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  9. #49
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    if anyone is wanting a complete ready to move in, my mate is selling 40 hectes in gigiganup with year round water....oh it planted with olives (EVOO gold medal winner) and limes

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    Most excellent thread. Wife and I are seeking a more remote existence and I'm thinking around 50 acre minimum.

  11. #51
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    Quote Originally Posted by INTJ View Post
    Most excellent thread. Wife and I are seeking a more remote existence and I'm thinking around 50 acre minimum.
    Only you know what you want if it's remoteness then the further you go the cheaper and less productive is the land. This also improves your chances of getting licensed firearms.
    The only thing wrong with a perfect ride to work is that you end up at work.
    G T

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    Quote Originally Posted by Green Trident View Post
    Only you know what you want if it's remoteness then the further you go the cheaper and less productive is the land. This also improves your chances of getting licensed firearms.
    Yeah I'd like firearms when I'm back from USA. Especially if on acreage or remote where I'd need to be my own police.

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    Quote Originally Posted by Water pig View Post
    my friend had a small track on his property 12.5 acres, he used it only on weekends, one of the the neighbors complained (was not in the next block) long story short , he wasn't allowed to keep the track, tried to call it a fire break no dice. The law only allows for the unrestricted use for land over 100 acres without special provisions on the use. This lesson cost him mega bucks in lawyers fees and court costs. Check the laws before you go ahead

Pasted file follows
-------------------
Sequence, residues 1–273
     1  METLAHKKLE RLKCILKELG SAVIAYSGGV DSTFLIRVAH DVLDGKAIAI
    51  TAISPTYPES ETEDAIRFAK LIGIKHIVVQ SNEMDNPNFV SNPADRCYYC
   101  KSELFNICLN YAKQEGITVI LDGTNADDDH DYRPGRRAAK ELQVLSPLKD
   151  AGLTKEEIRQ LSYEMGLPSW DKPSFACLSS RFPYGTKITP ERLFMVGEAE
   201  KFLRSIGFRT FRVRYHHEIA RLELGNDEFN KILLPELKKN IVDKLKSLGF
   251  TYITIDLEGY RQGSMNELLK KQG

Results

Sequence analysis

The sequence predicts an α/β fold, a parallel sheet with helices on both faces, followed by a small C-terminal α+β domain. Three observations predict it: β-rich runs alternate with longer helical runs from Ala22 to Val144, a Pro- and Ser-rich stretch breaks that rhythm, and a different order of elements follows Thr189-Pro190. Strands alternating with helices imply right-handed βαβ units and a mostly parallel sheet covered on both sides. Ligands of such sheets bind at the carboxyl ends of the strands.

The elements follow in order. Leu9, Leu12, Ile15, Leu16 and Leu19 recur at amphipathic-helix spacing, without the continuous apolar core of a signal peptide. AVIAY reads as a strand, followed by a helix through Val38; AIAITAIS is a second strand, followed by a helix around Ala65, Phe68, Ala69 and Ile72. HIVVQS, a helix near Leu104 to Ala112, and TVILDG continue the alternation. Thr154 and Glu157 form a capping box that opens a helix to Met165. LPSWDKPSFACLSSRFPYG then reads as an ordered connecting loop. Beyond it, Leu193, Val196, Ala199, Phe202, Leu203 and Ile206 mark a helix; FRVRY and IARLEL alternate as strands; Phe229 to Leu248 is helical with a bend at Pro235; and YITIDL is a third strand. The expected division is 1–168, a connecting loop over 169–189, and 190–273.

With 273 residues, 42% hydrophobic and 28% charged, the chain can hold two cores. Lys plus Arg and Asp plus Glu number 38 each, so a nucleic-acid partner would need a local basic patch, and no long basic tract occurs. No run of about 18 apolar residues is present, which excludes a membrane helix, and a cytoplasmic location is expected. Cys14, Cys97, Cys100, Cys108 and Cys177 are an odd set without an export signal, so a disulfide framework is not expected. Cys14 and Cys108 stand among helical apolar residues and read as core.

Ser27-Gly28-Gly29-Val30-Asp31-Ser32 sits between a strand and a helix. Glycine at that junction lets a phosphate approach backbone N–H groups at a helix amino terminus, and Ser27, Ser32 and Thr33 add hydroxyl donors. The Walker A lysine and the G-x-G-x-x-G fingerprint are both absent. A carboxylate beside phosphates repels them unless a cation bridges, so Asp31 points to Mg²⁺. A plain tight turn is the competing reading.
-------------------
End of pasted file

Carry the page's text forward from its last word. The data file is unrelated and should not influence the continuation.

its doesn't matter how many acres if someone complains your fucked, complainers have more rights than just about anyone is australia, its a stupid system

    we had 120 acre farm in clackline with a MX track on it (near northam) guy next door complained, he didn't even live there & after many meetings with the shire & this dude never even turning up they still shut us down. apparently on rural zoned properties you can not make any noise what so ever unless its farm machinery
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    Quote Originally Posted by ReCon View Post
    The shed is spot on with the style thanks Stoney (&#128522 , however we are , right now, chasing a south west sojourn.

    The property, price and location does look very attractive though. Have considered Beverly before, but the family want to head to south at present . Plans can change though...
    Thanks very much for the reference though. You have added yet another factor to consider for our new life.( a surprise bun in the oven has nearly finished baking, which ads to the planning complications and considerations!)
    There will be a brewery/distillery out here soon enough though!
    Commander Keen and Shady 7/8 are doing the Kiwi Shitbox rally 2016 as the Dropkick Dropbears- donate here to help us change cancer!